Muscadine Lines: A Southern Journal

Hitchhiker

Jeremy Byars


Cumuli charge across the sky as if chased away by the setting sun,
speeding northward, ahead of the forecasted front; the temperature’s
already dropped according to the car’s thermometer. I slow down—
a man tightropes the edge of the highway ahead. He favors his left leg,
a slight tug with each step. It may be the large canvas bag around
that left shoulder or it may be a war wound. Forty- or fifty-something,
perhaps he served in Desert Storm; by all accounts—open-toe sandals
in November, faded Titans sweatshirt, and the small Batman backpack
around the other shoulder—he’s homeless. He may have been a casualty
of the Camden Foundry’s closing or laid off from the Carhartt factory.

You have my attention already, sir—no need for the extended thumb.
The gravel pops as I pull over to the shoulder near the entrance
to the city park. A group of kids is playing pickup softball
on the nearest little league field. Parents cheer from fences, and a father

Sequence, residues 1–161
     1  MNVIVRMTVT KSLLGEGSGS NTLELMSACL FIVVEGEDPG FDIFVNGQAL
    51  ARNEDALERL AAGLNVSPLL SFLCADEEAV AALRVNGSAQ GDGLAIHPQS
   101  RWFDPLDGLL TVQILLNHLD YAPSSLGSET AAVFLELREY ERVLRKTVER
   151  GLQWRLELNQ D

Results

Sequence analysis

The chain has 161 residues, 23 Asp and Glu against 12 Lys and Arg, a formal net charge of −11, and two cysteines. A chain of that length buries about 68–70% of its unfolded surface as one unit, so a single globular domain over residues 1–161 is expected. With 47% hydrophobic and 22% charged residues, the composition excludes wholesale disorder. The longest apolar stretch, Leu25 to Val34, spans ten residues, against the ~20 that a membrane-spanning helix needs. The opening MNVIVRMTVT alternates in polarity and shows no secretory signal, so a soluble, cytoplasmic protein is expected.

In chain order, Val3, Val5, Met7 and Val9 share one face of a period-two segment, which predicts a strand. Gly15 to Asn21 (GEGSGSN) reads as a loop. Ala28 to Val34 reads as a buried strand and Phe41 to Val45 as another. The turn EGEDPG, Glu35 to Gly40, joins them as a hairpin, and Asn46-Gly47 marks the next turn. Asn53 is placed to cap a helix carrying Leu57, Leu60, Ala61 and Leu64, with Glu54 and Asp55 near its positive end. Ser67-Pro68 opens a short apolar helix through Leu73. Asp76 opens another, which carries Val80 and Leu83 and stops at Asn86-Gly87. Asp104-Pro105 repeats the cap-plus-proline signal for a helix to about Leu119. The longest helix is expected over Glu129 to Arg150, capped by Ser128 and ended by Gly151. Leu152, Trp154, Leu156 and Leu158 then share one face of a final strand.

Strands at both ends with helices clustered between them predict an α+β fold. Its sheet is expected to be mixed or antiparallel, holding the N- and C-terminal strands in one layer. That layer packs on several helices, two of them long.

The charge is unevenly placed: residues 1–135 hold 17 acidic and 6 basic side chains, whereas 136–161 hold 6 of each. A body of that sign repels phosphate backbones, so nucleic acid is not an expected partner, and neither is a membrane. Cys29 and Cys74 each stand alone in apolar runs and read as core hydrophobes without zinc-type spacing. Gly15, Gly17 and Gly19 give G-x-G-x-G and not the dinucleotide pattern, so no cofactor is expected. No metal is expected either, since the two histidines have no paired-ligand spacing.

underhands a pitch towards the plate. A beagle mix runs across
the highway; it resembles the neighbor’s dog, but wears a blue collar instead.
The hitchhiker turns away from my parked car and hobbles down the hill
towards the game. His arms raised, thumbs extended, he celebrates a double
from the boy rounding first, who slides, dusts himself off, and waves back to him.
And later, when the game ends, I swear I hear him call him “Daddy.”

***

Jeremy Byars has been published in such journals as Gihon River Review and Ottawa Arts Review and has degrees from Bethel College and Murray State University. He currently teaches at Murray State University while working on an annotated bibliography of the Towneley plays and completing his MFA in creative writing.

© Jeremy Byars

Muscadine Lines: A Southern Journal ISSN 1554-8449, Copyright © 2004-2012